I’ve had issues with sleep all my life. After becoming a mom, sleep challenges became worse which forced my family to develop a routine that worked for all of us. We’re finally in an awesome groove, so I’m excited to share with you what is working for us! If you struggle to get restorative sleep, then read on or watch the video below to learn about my 5-step bedtime routine for better sleep. Perhaps you’ll find something in my method that you’ll want to try for yourself.
Address Any Poor Sleep Routine Habits First
My holistic sleep tips will definitely help you, but only if you remove any negative influences first! All of these things can negatively impact your sleep and alter your circadian rhythm:
- screen time
- not getting enough sunshine or activity
- eating a big dinner
- food intolerances
If you want to understand better how they impact your sleep and want help getting back on track, read:
If you’re still not feeling that your sleep is as good as it can be, then hopefully something from my routine will inspire you to make some changes.
My Bedtime Routine For Better Sleep
We know sleep is so important for all physiological functions in the body and for cellular repair. We also need good sleep to maintain our emotional and mental health. Sleep is also an important time for us to tap into our spiritual nature. Even though this may be happening unconsciously, as we bring more attention to our dreams we can actually be bringing more conscious work into our lives through them. (I will be covering this more in the future!)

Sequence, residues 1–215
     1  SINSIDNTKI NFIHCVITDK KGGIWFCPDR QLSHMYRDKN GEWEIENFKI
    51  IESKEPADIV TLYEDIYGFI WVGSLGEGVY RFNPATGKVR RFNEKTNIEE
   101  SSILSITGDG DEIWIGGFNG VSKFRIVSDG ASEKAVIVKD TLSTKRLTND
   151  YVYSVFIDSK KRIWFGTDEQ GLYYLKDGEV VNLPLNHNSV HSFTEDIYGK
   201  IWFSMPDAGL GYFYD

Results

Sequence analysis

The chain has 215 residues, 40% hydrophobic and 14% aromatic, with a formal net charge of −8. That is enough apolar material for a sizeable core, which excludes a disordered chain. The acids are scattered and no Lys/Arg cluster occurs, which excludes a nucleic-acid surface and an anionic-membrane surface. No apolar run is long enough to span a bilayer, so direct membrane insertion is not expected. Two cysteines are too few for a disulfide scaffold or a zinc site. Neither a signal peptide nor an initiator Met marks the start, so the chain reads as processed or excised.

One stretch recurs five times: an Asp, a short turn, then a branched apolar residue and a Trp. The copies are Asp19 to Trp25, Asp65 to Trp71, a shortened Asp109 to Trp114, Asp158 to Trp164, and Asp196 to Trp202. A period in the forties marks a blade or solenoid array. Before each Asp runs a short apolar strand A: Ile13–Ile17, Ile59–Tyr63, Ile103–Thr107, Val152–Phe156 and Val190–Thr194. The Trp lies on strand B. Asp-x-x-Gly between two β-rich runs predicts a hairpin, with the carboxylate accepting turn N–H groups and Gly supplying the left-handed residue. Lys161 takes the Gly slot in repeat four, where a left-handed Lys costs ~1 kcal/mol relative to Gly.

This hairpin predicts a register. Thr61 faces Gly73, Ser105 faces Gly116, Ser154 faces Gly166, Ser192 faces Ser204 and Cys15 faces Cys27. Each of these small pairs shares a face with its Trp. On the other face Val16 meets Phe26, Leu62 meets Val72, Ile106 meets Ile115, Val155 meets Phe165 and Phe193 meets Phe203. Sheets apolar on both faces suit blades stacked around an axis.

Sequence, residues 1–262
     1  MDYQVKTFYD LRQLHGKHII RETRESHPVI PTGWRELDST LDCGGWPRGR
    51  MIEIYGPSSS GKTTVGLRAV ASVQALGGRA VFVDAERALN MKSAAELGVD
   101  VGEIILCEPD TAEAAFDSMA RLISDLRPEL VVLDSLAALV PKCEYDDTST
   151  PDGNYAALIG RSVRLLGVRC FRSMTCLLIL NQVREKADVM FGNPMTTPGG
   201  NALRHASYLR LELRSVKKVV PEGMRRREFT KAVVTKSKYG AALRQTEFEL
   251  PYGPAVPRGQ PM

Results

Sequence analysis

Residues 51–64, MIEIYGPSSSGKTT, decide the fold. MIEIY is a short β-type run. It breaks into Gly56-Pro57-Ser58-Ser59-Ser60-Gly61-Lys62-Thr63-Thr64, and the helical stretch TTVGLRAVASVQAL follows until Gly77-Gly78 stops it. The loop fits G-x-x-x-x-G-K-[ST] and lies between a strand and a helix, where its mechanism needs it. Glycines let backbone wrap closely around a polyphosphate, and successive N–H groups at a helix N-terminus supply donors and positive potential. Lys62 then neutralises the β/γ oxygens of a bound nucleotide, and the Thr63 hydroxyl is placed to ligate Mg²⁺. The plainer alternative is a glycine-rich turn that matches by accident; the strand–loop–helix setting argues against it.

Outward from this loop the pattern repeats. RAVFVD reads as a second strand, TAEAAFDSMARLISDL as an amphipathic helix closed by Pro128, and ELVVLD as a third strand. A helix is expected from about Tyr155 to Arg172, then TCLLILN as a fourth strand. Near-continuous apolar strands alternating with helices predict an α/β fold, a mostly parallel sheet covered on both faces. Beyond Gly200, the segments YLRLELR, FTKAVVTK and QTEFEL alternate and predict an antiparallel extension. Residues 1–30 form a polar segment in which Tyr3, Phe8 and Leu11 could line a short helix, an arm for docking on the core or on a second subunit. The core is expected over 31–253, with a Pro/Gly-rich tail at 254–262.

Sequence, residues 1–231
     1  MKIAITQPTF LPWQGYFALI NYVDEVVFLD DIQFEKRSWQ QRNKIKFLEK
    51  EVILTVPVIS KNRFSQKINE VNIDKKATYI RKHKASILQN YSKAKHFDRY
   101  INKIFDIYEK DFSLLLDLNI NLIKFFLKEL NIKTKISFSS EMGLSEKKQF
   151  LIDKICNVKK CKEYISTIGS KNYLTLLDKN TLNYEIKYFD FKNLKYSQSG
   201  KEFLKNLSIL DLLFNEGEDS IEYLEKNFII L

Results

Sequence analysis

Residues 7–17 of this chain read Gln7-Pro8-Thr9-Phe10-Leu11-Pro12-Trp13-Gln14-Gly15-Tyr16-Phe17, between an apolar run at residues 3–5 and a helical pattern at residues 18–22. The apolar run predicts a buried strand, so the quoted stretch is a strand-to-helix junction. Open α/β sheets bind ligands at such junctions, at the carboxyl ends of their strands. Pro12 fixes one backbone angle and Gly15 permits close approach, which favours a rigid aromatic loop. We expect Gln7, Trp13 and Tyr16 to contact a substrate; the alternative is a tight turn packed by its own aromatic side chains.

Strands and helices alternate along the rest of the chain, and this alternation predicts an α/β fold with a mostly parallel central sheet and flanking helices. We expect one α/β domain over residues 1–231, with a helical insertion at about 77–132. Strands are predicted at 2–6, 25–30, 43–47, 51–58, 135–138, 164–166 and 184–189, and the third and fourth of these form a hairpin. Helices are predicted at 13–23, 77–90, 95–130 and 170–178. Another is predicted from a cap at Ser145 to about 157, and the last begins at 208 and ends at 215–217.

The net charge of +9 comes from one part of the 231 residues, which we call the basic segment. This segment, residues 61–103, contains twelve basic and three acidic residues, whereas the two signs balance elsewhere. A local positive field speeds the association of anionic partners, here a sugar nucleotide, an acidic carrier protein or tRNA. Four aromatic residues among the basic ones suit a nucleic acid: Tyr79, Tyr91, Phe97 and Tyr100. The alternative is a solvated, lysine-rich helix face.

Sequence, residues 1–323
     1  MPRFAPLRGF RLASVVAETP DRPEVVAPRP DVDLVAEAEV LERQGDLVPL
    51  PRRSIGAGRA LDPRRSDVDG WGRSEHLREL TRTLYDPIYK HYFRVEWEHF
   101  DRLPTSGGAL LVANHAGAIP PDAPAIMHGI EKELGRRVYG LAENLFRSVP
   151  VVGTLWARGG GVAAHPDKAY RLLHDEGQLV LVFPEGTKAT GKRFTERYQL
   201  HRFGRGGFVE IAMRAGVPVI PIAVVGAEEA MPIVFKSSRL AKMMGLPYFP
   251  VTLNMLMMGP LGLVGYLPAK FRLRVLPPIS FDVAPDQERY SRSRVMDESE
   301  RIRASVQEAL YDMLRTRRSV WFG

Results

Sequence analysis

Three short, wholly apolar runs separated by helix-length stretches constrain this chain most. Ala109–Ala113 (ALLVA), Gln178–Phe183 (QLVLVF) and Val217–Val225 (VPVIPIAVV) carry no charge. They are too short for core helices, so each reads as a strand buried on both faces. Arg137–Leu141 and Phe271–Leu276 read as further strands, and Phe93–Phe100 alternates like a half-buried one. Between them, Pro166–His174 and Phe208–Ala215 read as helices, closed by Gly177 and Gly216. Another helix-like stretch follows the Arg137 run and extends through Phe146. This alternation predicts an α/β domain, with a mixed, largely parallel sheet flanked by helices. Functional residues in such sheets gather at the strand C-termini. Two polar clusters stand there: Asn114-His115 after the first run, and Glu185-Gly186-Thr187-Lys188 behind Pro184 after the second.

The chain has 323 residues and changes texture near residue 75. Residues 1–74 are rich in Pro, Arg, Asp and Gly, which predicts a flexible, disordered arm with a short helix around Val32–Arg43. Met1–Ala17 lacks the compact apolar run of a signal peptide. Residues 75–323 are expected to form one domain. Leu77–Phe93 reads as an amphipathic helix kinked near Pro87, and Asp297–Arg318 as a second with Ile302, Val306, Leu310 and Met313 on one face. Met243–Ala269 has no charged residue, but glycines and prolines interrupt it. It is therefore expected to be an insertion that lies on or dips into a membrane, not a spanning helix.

When I do all these steps in my bedtime routine, it’s guaranteed that I fall asleep quickly and rest deeply throughout the night. It helps me restore on every level of my being – not just by body!
1. Evening Wind Down Routine
The first step is winding down. This is the most extensive part of my routine!
My family goes upstairs to our bedrooms, so our bodies get the cue that we’re getting ready for sleep. My son usually plays in his bedroom or does some crafting. I typically knit for a period of time while I’m sipping on relaxing tea. This is also a time I typically journal or pull some oracle or tarot cards to process the events of the day.